Pharmacies spending 11 hours each week on home deliveries


Pharmacies spending 11 hours each week on home deliveries

Managing home deliveries, a service for which community pharmacies do not receive funding or payment for, can take up to 13 hours of staff time, and demand is increasing, a survey has found.

Research carried out by survey specialists Censuswide in June 2017 on behalf of CitySprint Healthcare, interviewed 350 pharmacists working across independent, multiple and hospital pharmacies in the UK.

Increased demand for home delivery of medication in the last year was reported by 84 per cent of the pharmacists surveyed.

More than three-quarters of the pharmacies (rising to 91 per cent for those in independent pharmacies) offered home deliveries.

On average, pharmacy staff spend 11 hours a week involved with deliveries, with some independent pharmacies investing even more – around 13 hours – of their time. One-third said it is pharmacists, rather than staff, who spend their time on logistics management, despite there being many other pressures on their workload.

While most pharmacies (72 per cent) employ their own delivery drivers, one-third (32 per cent) use existing staff to undertake deliveries.

Surprisingly, the research found that six per cent of respondents use taxis or local minicabs when necessary, and 17 per cent said they have concerns about medication going missing during home delivery.

Over half (57 per cent) of pharmacists surveyed said they were either unclear about legislation surrounding the delivery of medicines to a patient’s home, or are not aware of whether there is legislation at all.

The majority of pharmacies surveyed (89 per cent) rely on paperwork or verbal confirmation to monitor the chain of custody and proof of delivery for prescriptions.

Almost half (45 per cent) of those not currently offering home delivery are worried that cost to the business would be too high, while 41 per cent said they were concerned about the impact on staff time.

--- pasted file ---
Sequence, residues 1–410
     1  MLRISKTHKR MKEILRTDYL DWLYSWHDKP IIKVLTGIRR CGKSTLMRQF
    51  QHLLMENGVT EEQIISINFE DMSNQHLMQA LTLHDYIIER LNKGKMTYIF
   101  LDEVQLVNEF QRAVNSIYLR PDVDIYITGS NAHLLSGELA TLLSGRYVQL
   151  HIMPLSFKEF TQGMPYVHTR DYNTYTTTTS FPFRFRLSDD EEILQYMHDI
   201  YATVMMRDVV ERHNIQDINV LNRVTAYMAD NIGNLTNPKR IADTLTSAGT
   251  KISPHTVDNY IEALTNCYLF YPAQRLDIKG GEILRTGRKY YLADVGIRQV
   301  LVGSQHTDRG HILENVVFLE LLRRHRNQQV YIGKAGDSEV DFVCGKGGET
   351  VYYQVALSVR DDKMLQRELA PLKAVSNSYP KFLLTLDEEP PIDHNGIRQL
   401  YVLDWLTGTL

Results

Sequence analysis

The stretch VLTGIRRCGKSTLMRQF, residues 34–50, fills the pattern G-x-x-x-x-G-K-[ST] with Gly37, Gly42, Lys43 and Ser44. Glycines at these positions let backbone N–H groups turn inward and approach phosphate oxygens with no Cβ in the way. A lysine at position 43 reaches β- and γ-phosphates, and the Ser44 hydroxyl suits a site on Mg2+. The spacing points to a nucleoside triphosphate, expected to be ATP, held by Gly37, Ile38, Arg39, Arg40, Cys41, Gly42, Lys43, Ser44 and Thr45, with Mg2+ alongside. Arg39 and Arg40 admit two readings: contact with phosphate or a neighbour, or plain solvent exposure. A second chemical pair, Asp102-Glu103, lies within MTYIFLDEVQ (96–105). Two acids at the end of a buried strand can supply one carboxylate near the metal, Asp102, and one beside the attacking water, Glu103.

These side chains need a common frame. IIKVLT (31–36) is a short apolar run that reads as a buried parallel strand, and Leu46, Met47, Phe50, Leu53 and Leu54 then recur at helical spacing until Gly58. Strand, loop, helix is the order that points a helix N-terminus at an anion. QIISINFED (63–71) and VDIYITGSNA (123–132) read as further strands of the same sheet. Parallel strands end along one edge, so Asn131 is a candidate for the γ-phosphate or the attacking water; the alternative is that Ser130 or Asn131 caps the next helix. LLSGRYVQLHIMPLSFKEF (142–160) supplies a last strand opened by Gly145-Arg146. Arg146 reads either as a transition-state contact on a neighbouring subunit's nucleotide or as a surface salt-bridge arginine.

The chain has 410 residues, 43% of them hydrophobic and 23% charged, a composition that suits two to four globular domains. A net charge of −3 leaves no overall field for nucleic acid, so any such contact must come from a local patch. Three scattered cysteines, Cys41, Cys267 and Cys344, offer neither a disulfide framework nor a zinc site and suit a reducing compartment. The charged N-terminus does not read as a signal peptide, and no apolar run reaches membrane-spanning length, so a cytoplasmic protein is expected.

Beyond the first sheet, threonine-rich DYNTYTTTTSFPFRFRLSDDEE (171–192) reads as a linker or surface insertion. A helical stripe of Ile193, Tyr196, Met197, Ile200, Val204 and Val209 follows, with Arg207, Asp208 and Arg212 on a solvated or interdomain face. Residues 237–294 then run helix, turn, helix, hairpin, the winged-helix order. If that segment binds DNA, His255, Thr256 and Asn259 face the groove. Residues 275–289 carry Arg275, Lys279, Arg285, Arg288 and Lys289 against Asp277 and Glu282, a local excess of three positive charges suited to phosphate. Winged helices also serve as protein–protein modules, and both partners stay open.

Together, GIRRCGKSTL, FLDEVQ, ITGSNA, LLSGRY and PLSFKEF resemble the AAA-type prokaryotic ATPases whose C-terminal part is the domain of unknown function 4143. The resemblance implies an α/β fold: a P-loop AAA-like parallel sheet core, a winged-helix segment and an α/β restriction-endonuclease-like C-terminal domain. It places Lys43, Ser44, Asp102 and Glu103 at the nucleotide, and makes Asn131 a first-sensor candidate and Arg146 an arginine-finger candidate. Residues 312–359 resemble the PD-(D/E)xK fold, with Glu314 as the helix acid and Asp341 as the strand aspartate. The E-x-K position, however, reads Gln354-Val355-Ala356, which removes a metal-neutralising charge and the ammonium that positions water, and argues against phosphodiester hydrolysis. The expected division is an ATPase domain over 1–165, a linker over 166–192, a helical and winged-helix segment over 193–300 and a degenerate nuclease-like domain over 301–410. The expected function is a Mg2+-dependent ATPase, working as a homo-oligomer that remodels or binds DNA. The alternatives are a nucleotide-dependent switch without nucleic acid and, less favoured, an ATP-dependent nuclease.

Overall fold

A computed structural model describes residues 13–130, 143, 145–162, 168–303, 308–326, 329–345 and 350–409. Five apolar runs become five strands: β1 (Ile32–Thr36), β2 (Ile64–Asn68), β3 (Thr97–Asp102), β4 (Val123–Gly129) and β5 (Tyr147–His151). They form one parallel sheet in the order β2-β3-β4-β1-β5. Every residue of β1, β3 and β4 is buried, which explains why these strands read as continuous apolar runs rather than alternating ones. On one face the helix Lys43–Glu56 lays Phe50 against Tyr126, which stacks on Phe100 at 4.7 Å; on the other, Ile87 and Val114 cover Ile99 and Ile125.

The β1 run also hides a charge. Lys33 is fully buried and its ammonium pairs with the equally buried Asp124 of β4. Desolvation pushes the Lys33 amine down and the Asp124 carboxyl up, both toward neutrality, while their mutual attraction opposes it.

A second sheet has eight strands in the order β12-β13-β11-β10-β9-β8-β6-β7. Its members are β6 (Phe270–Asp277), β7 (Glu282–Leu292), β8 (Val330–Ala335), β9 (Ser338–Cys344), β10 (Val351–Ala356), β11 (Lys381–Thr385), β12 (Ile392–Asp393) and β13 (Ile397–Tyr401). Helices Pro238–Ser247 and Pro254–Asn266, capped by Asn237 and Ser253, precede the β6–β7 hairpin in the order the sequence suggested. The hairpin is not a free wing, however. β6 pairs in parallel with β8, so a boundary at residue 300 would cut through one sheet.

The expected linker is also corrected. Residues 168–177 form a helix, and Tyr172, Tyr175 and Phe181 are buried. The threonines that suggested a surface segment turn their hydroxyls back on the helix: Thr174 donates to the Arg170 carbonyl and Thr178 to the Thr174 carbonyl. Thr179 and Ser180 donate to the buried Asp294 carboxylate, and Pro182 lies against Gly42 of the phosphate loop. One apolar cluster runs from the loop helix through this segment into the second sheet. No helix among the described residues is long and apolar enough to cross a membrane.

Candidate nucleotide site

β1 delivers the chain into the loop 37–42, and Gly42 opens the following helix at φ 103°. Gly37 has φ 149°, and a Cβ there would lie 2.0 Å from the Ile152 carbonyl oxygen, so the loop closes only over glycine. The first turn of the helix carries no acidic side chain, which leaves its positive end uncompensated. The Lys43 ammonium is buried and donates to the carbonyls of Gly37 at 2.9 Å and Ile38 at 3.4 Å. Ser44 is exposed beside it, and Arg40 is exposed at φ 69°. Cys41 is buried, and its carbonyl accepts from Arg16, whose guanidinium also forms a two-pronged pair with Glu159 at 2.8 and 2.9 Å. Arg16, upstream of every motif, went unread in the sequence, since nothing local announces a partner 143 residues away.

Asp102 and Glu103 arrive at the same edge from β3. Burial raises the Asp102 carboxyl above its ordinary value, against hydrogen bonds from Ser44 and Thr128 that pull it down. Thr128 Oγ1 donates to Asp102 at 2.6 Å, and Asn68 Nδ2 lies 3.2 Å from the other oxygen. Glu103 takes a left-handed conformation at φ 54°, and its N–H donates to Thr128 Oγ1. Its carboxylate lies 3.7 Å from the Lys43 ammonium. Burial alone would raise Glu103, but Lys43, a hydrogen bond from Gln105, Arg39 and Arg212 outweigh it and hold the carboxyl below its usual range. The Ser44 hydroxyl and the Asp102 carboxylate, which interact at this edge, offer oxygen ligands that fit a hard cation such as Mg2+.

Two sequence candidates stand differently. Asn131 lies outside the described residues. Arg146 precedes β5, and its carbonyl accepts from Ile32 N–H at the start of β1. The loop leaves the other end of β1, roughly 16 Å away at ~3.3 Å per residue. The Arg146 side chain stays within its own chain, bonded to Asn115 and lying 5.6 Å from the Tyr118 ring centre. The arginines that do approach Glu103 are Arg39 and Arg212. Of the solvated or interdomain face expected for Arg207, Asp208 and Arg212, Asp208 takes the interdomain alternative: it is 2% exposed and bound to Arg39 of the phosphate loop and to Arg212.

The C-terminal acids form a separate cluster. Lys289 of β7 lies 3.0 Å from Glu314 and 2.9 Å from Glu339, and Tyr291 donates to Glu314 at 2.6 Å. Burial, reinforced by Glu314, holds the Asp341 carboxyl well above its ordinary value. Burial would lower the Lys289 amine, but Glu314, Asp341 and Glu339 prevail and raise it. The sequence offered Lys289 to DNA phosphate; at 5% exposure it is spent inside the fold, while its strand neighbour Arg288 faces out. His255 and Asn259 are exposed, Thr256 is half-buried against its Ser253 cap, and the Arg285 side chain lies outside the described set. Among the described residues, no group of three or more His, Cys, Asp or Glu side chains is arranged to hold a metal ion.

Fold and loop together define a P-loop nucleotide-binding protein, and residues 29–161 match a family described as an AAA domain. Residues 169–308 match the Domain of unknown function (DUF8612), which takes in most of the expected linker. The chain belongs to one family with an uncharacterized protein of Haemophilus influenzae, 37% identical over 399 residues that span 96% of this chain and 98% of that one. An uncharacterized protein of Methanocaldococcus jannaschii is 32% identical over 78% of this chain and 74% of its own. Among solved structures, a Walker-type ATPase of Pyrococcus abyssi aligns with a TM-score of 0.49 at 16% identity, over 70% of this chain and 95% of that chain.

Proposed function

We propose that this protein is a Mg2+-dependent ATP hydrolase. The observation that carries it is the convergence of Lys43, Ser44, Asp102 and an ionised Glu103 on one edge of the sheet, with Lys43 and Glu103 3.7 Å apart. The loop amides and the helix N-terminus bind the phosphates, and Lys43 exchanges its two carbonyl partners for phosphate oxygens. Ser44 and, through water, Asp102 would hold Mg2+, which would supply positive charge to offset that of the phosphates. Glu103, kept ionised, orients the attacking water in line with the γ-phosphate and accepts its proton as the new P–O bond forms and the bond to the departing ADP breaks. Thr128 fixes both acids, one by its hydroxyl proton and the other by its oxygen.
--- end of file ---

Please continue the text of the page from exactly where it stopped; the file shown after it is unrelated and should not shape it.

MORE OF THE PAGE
A quarter of respondents, those in England, said they are troubled about government funding cuts and are aiming to keep costs down as a result.

Darren Taylor, chief development director at CitySprint Healthcare, commented on the survey findings: “Pharmacies are under unprecedented funding and regulatory pressures – and the growing demand for home delivery can be an increasing drain on resources if not managed effectively. Although pharmacists should have oversight of home delivery services, managing all aspects of the offering is not sustainable for expert staff members that could be adding value elsewhere in the business.”

CitySprint Healthcare will be making 150,000 pharmacy-to-home deliveries in 2017, says the company, through a network of 41 service centres and a fleet of over 3,500 vehicles.

Speaking to P3, he suggested that clearer guidance is needed for the sector on aspects of home delivery, particularly around pharmacy’s responsibility for security of medicines during delivery to patients and customers.

“It is evident from our research that the legal obligations around pharmacy-to-home deliveries are far from clear cut for pharmacists. It is vital the security of the medicine supply chain extends to home delivery and, as this responsibility remains with the pharmacist, we are calling on the industry to work together to provide clearer guidance in this area,” he said.

CitySprint offers a range of trackable services in the hospital and pharmaceutical sectors, including: pharmacy to home deliveries; pharmaceutical logistics; pathology and specimen transportation; hospital logistics and emergency care and clinical trials logistics.

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